Writer, director, producer Robert Gurney Jr., screenwriter behind an inarguable drive-in classic, Invasion of the Saucer Men, plucked elements from several sci-fi sub-genres to concoct this cheap, yet strangely savory cinema stew.

Terror From the Year 5,000, a 1958 AIP release, has more to recommend it than a first glance reveals. It does indeed contain a pinch of this film and a dash of that one, yet one can't help feeling that, once the initial viewing has been digested, Gurney came up with something a little different, maybe even a little better than average.

Set on an isolated Florida island, (a dash of Dr. Moreau) it details the experiments of two renegade scientists utilizing a matter transporter (a pinch of The Fly) to transport objects across the breech of time itself (The Time Machine and countless others). Needing outside verification of their findings, they consult a cynical geologist (beefily handsome Ward Costello), who soon wades into their swampy retreat (Attack of the Giant Leeches, Swamp Women) to investigate, consequently laying the groundwork for a lame love-triangle (every movie ever made) involving the elder doc's daughter.

It seems that, on the sly, the younger of the two technicians has succeeded in delivering a four-eyed cat into the here-and-now, but to conceal his nefarity, he packs it into a suitcase and drops it in the swamp. His cover is blown when a shapely female mutant, bedecked in a black leotard, steps from their time portal, assaulting the doc, before scampering into the swamp. What seasoned B film fan would have guessed that the post-atomic future is peopled by mutants (Day the World Ended, World Without End, et. al.) who need burly, present-day men to repopulate.

Who cares that the plot is a patchwork? Gurney's earnest approach makes up for this basic vagary of drive-in cinema. Throughout the film, flat, unimaginative domestic scenes give way to odd camera angles and dramatic lighting, and Gurney succeeds in turning his boiler-room basement lab into a genuinely creepy set.

The bucktoothed, mutant makeup doesn't wash, and a protracted fist fight is stretched a bit thin, as is the leering and lusting of a grubby groundskeeper.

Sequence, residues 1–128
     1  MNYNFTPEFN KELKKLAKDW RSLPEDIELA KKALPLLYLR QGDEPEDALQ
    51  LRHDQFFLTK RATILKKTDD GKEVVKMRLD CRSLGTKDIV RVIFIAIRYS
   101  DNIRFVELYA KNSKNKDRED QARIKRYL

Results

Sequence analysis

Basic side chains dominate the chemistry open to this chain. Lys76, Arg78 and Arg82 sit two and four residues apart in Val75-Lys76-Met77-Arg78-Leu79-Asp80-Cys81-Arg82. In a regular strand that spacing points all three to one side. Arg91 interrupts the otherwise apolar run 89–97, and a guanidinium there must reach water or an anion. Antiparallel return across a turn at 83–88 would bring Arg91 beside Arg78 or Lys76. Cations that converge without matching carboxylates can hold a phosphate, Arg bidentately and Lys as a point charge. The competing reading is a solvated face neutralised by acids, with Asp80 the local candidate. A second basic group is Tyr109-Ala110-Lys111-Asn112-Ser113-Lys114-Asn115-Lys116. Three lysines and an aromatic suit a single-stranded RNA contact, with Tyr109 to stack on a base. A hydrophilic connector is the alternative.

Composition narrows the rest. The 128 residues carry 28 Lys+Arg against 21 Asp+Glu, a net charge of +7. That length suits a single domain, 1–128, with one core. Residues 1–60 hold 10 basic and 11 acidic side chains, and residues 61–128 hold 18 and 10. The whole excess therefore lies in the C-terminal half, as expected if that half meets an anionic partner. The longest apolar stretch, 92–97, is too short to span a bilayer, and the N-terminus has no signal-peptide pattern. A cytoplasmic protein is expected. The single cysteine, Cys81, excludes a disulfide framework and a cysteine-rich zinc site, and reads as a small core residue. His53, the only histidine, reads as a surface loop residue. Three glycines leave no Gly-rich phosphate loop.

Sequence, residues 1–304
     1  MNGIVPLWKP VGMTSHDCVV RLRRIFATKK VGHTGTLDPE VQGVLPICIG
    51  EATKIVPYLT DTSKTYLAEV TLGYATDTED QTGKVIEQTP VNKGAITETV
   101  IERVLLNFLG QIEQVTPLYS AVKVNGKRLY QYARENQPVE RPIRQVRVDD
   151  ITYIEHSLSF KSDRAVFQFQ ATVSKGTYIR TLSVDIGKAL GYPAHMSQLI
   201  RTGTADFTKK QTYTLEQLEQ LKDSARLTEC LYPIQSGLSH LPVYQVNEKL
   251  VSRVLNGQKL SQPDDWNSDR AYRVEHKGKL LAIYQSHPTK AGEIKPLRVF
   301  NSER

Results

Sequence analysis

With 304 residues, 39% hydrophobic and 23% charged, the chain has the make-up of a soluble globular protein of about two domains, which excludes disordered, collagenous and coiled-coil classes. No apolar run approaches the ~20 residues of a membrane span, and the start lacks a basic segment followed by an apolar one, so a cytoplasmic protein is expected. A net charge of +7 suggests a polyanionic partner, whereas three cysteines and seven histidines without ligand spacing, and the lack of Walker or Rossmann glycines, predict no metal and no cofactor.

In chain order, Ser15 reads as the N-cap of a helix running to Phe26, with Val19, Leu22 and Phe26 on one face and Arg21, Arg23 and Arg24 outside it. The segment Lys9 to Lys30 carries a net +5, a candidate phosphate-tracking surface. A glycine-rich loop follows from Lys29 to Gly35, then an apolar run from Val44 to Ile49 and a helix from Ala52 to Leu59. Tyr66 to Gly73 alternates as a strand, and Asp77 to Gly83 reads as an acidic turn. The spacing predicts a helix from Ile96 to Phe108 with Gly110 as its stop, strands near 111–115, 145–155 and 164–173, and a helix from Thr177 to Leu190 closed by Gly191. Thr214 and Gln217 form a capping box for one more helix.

One scene of note depicts our protagonists emerging from a downtown theater, surrounded by posters ballyhooing Herb Strock's Teenage Frankenstein. Costello even amuses his date with a quick impression of the monster's menacing gait.

In summation, splicing genres in hopes of delivering boffo box office has rarely, if ever, been artistically provident. Evidence is offered in the form of the following films, each an example of a bargain-basement hybrid gone slightly awry:

The Phantom Planet (1960)
It's very surprising that this C-grade gem, chronicling the travails of an astronaut who crash-lands on a planet inhabited by tiny folk, isn't revered as a camp classic. It features sagely silent-film great Francis X. Bushman as Sesom (spell it backwards), Richard (Jaws, Eegah) Kiel as a laughably menacing alien and flight suits left over from TV's Men Into Space.

Acting: C
Atmosphere: C
Fun: A-

Curse of the Undead (1959)
Dark, drooling Michael Pate is featured as a gunslinging vampire stalking the old west. He bites off more than he can chew in the form of cattle baron Bruce Gordon (Frank Nitti of Untouchables fame) and Rawhide's Eric Fleming, who wins the day as town pastor.

Acting: B+
Atmosphere: D-
Fun: B-

"If your flesh doesn't crawl, it's on too tight!"

The Night Visitor

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Invasion of the Blood Farmers

"See it - feel it - taste it!"
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